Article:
“You Let a Girl Beat You?”
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As soon as the race results appear in the paper, I hear the same old comments in the hospital where I work: “I see you let a girl beat you.” The statement is wrong on all counts; wrong in what it says; wrong in what it implies.
For one thing, these runners are not girls but women. Anyone who has had their consciousness raised knows better than to call a woman a girl, and it is about time everyone learned that.
Furthermore, women can be excellent runners. Some have amazingly high maximum oxygen uptakes, and their muscles can contain slow- and fast-twitch muscle fibers in the same ratio as men’s.
I have discovered in races and in training that women runners spread across the same spectrum as men, from very good to very bad. I have been beaten regularly by the best and have had some head-to-head struggles with those not quite so talented. When it comes to determining who’s faster, it’s not a question of the sexes. It simply depends on who is best on that particular day.
What upsets me most about the hospital corridor comments is the implication that something’s wrong with women who participate in sports, particularly in mixed sports. Some people suggest that the whole thing is somehow unnatural.
But women gain so much in giving up the limitations society places on them. Running removes what Ortega called their perpetual self-concealment. Through running, a woman can come to know herself truly, not only her body but her soul as well.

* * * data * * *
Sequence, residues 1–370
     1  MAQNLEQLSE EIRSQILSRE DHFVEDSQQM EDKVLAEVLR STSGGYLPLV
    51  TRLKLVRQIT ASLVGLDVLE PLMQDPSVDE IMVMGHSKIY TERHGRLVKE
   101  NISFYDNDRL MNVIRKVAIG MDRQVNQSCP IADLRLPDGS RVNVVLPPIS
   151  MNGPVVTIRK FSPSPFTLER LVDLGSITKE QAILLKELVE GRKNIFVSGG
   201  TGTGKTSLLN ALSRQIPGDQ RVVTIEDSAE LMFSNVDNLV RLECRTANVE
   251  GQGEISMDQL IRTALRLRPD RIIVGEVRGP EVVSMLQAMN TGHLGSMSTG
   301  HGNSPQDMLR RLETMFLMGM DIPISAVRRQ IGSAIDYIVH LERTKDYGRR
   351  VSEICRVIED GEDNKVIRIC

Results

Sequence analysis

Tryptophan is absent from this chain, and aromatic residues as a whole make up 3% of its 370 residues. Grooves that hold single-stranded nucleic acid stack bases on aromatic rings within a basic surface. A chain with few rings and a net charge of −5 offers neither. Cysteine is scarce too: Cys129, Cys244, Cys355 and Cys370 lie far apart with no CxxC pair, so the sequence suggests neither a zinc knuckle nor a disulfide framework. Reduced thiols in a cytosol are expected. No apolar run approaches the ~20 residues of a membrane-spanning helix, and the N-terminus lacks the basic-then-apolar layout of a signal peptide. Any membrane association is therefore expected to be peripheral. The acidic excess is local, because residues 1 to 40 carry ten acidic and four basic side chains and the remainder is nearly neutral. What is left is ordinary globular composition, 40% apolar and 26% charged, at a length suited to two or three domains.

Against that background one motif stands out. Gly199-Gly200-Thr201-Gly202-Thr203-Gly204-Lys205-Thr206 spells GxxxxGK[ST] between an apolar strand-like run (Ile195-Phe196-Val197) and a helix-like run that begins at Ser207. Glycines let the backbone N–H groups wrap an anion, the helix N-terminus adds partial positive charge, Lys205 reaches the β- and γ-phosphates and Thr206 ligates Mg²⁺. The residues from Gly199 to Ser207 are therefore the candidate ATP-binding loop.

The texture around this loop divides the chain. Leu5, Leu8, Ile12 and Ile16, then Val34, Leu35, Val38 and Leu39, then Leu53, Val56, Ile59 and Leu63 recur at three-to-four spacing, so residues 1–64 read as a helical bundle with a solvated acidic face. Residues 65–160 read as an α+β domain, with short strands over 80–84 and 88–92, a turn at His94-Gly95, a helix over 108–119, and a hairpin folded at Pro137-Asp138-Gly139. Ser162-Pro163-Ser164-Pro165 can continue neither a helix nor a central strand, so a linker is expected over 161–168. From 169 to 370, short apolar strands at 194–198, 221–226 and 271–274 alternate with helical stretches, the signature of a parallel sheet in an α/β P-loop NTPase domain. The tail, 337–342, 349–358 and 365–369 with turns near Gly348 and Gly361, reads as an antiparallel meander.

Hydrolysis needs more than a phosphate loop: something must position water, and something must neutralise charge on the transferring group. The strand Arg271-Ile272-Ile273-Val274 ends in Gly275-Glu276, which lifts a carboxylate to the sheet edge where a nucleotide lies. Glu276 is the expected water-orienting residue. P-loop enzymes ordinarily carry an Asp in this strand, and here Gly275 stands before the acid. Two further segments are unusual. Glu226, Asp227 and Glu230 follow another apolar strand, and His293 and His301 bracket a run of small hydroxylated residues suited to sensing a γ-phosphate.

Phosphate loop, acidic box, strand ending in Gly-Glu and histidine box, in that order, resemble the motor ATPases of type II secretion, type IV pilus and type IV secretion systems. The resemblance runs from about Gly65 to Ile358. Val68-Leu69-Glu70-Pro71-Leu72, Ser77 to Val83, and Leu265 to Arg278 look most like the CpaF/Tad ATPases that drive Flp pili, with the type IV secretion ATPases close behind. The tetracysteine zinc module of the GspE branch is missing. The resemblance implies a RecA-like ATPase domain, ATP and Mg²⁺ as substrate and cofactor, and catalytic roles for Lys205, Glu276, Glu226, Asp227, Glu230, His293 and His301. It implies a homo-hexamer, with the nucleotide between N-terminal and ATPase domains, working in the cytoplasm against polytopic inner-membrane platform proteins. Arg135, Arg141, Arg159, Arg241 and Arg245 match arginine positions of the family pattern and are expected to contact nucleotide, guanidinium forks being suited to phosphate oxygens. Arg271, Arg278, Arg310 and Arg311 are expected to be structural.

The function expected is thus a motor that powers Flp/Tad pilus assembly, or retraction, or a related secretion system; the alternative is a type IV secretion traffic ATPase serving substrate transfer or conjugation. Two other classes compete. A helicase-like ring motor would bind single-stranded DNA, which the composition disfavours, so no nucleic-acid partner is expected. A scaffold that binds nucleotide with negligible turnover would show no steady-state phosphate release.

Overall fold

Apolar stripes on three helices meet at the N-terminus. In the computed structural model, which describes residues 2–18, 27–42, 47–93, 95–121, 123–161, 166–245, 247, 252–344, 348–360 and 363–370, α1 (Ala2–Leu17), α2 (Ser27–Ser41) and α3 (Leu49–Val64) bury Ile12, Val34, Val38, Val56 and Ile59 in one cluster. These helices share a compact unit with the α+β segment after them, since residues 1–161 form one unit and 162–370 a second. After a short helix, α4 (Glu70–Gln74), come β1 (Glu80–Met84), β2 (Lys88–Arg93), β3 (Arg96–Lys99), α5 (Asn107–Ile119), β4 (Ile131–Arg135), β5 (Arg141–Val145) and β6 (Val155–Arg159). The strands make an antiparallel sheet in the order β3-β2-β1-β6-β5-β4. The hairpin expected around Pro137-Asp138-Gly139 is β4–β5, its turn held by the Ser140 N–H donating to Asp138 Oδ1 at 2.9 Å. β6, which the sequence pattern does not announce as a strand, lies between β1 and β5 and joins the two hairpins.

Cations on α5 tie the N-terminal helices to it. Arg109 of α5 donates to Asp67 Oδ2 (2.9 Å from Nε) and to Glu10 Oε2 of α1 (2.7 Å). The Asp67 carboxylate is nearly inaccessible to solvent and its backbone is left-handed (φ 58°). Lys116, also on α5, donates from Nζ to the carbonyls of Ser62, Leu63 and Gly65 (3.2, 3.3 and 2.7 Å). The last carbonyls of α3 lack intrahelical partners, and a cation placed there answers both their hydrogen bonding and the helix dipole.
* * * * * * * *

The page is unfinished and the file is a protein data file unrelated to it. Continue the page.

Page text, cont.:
People who see only the differences between men and women do not understand this. Their herd-thinking cannot conceive that sport has something to offer women, who, they believe, need nothing but children, church, and kitchen. These people cannot imagine any benefits from male-female competition. And their emphasis on the biological and social perpetuates the war of the sexes.
The truth is that sports, and that includes men running against women, may well be the salvation of the male-female relationship, the answer to our marriage problems, the solution of the eternal discord between what is masculine and what is feminine.
You may find this theory far-fetched, but consider what Plato believed: Our aim should be to find our other half. This cannot happen unless we reveal ourselves, body and soul, to the other. And where can this be done better than in sports? It is in those arenas that a person finds his or her moment of truth, comes to know what she or he has been all the time, and, in that knowing, reveals it to others.
We need more of this. Leisure and free time now make the psychological problems in our marriages more evident. In 1976, for the first time, divorces in the United States exceeded one million. Our affluence and 40-hour work week have allowed more communication, but we are failing to take advantage of these great opportunities.
Eventually, love, marriage, communication, good conversation or good silences depend on a total meeting with someone who is most like ourself. So that, as the Russian philosopher Berdyayev put it, we are “united in one androgynous image, overcoming our loneliness.”
That, of course, is the ultimate: creating union, knowing the other, overcoming loneliness, bringing together two solitudes.
Sport can assist in this undertaking. Athletes who know themselves in their bodies know when they differ from others. But even more, they know when they are alike. They know when they are simpatico.
When I see women running, I see a new world coming. A world in which men and women can both wear sweats and running shoes and train 30 miles a week. A world in which men and women can get to know themselves, and each other, better than ever before. (1976)